This coming Thursday, families and friends across the USA will be gathered at the dinner table to give thanks and celebrate the harvest festival of the Pilgrim Fathers. It is a time of deep gratitude; we reflect on our life, our family, and our everyday blessings. Yet surely, gratitude is something we should feel more than once a year? Unsurprisingly, there are multiple benefits from exercising a little daily gratitude. Take a look at some of them.
1. Mental health
If you shift your focus and energy from everything that’s wrong with your life to everything that is right with your life, it’s bound to affect your state of mind. Numerous studies conducted on teens and adults point to a significant difference in mental health. The more focus there is on gratitude, the lower the risk of depression and anxiety. Start small – try a daily list of three things you are grateful for today and you’ll find that a lot of that other stuff fades into the background a little.
Photo credit: Healthy and Happy America
Is it that happier people are more grateful, or grateful people are happier? It’s a cycle that could be argued either way, but if gratitude improves your mental health, it follows that it improves your happiness too. Stopping to give pause and thought for the good things – little and large – in your life draws your focus to things that make you feel good, which makes you feel happy.
3. Physical health
We know that the body can be affected by the mind, but can gratitude really help physical fitness and illnesses? Well actually, yes. Studies show that people actively practicing gratitude tend to engage in healthy physical activities that keep both their mind and body fit. They also notice changes in their body more quickly and are more apt to get it checked out.
Photo credit: Dan Holz Photography
4. Fewer bad habits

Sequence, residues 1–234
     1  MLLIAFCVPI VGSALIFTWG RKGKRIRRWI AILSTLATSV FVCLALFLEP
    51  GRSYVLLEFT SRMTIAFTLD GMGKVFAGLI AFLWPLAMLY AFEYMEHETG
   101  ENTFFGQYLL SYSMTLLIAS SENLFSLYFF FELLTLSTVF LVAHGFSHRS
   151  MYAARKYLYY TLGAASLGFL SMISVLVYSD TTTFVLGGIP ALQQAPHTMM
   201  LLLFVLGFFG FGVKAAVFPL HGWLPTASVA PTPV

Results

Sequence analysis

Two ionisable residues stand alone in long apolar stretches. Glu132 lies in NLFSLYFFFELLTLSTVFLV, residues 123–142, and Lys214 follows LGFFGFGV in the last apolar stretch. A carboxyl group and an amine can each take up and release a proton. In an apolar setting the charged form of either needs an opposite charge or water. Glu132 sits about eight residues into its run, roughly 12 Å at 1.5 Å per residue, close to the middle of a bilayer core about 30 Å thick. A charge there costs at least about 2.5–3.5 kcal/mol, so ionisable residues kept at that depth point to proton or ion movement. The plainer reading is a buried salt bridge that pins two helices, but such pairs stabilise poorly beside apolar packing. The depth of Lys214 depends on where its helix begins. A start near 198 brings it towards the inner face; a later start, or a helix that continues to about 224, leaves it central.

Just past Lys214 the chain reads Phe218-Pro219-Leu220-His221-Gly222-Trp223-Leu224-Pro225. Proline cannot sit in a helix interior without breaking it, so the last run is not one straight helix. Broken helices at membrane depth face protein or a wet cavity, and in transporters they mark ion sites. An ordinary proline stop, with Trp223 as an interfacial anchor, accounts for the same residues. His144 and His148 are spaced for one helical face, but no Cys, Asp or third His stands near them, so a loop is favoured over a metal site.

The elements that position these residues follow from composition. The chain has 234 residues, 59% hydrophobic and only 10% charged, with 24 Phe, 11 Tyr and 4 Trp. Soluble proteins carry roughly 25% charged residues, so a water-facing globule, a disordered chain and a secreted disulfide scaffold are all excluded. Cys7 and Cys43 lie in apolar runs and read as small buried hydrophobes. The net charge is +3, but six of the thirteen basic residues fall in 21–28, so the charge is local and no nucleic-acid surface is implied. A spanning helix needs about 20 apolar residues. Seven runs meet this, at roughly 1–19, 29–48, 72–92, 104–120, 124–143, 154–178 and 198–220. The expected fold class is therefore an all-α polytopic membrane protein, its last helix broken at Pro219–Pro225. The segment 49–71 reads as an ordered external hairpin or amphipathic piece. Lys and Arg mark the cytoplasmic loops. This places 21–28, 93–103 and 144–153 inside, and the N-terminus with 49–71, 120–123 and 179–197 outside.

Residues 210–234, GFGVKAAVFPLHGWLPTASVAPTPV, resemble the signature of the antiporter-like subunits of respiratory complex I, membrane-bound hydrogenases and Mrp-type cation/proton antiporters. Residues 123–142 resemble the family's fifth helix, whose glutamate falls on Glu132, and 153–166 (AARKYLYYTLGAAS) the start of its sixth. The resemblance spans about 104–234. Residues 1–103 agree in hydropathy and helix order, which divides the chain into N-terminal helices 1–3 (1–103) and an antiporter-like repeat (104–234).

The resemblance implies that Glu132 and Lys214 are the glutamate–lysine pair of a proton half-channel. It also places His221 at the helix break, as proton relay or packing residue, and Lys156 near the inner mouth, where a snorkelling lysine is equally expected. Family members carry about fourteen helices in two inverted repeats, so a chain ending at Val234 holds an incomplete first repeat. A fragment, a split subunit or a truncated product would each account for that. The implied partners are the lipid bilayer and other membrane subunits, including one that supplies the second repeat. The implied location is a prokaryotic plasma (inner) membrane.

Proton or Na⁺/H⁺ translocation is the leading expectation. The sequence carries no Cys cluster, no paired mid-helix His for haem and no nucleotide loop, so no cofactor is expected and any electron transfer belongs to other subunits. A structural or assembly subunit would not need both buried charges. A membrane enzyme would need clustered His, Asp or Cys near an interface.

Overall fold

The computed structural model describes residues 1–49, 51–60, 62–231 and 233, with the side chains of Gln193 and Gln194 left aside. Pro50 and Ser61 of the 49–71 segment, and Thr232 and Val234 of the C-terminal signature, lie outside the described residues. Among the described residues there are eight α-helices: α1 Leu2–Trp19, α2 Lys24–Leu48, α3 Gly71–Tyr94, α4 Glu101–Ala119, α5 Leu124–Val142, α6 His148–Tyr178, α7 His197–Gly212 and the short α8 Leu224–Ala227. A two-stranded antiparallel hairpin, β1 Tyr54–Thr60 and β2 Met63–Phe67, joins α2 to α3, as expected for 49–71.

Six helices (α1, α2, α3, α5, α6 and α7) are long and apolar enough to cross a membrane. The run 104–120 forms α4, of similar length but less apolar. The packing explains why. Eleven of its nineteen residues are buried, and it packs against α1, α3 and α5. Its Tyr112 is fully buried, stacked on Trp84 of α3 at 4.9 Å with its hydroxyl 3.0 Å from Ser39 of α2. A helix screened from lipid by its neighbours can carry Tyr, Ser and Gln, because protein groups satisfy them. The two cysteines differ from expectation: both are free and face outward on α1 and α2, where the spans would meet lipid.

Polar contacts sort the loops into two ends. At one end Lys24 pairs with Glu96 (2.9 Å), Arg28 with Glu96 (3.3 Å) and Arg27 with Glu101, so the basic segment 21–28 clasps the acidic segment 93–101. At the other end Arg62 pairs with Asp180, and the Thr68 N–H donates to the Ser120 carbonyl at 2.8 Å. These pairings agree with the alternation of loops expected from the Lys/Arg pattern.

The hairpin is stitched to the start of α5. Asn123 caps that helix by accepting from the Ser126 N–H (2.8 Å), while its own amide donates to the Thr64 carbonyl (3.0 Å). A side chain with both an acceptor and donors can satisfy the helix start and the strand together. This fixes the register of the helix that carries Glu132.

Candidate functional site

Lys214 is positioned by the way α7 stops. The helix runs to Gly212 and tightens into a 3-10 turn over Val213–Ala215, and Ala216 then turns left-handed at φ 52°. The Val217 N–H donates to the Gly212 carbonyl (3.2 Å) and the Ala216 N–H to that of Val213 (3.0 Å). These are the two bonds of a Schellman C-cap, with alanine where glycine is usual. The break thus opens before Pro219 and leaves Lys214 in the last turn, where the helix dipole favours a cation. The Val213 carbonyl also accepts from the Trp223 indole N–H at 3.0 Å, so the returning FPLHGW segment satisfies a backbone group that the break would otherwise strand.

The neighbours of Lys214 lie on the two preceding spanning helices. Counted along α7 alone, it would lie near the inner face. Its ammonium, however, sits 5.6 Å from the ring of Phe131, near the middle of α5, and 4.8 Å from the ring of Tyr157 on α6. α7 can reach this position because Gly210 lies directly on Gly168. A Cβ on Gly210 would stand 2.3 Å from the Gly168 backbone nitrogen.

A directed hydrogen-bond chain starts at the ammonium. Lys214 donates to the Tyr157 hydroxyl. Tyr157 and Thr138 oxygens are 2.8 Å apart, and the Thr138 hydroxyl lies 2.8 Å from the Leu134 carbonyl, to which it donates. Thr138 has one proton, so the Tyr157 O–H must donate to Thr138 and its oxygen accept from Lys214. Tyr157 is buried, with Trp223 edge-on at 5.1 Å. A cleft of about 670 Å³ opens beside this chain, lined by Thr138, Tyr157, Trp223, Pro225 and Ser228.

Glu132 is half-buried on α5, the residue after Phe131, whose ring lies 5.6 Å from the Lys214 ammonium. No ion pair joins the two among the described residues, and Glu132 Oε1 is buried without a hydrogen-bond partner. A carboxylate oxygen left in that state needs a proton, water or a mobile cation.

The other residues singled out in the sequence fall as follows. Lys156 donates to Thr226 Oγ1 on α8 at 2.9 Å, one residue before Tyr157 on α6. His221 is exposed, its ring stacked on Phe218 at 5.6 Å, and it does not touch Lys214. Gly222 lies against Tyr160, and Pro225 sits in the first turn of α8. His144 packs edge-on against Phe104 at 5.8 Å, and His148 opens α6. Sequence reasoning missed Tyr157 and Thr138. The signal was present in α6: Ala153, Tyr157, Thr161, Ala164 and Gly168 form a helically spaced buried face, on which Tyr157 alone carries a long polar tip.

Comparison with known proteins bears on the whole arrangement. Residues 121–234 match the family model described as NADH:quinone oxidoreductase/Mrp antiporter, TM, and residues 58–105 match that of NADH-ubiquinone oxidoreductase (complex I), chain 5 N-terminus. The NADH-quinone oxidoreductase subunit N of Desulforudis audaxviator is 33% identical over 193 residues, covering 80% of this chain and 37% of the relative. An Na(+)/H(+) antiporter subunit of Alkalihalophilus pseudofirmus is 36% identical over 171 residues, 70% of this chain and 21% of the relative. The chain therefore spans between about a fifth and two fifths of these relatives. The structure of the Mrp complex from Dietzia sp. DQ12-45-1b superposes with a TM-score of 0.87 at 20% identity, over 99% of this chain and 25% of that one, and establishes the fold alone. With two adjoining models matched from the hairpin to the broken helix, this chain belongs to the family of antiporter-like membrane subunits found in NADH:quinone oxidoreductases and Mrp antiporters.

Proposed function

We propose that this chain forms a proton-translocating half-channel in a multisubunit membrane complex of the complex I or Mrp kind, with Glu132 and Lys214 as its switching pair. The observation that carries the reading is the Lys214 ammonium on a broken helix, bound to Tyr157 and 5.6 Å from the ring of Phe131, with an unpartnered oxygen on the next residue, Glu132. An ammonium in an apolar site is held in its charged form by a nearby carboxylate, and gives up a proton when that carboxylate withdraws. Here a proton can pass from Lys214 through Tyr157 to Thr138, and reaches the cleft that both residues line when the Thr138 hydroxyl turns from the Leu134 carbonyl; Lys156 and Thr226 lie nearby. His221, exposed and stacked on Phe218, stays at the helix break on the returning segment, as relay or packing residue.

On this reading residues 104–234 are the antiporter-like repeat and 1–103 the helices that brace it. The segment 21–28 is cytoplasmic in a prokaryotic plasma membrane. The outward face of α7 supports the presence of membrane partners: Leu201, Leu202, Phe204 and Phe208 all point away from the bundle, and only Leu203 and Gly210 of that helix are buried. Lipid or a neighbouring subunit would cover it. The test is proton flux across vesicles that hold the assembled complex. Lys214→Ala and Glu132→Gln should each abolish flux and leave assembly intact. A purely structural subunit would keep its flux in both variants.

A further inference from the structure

If you practice daily gratitude, enjoy an active life, and good levels of happiness, you want to keep it that way, right? People who benefit from these practices are much less likely to engage in damaging behavior and activities such as addictions.
Sleeping quickly and deeply is much easier when you have no anxieties weighing you down. A grateful person is a good sleeper, which in turn has a massive effect on physical health and happiness.
Photo credit: Huffington Post
Most successful people won’t brag about their talents and strengths. Instead, they express gratitude for the things that have gone right in their lives. It doesn’t matter what background you come from, if you focus on being thankful for success you have already, you are encouraged to pursue more success. Comparatively, when success is not achieved, successful people are able to treat failure realistically.
7. It’s contagious!
Successful people also reap the benefits of gratitude because they infect the people around them with gratitude and positive thinking. Even introducing a thankful outlook at home with your family can have positive repercussions. Simply changing your perspective a couple of times a day is a powerful tool. So give thanks at Thanksgiving, and every other day in between.
Banner photo: Betty Crocker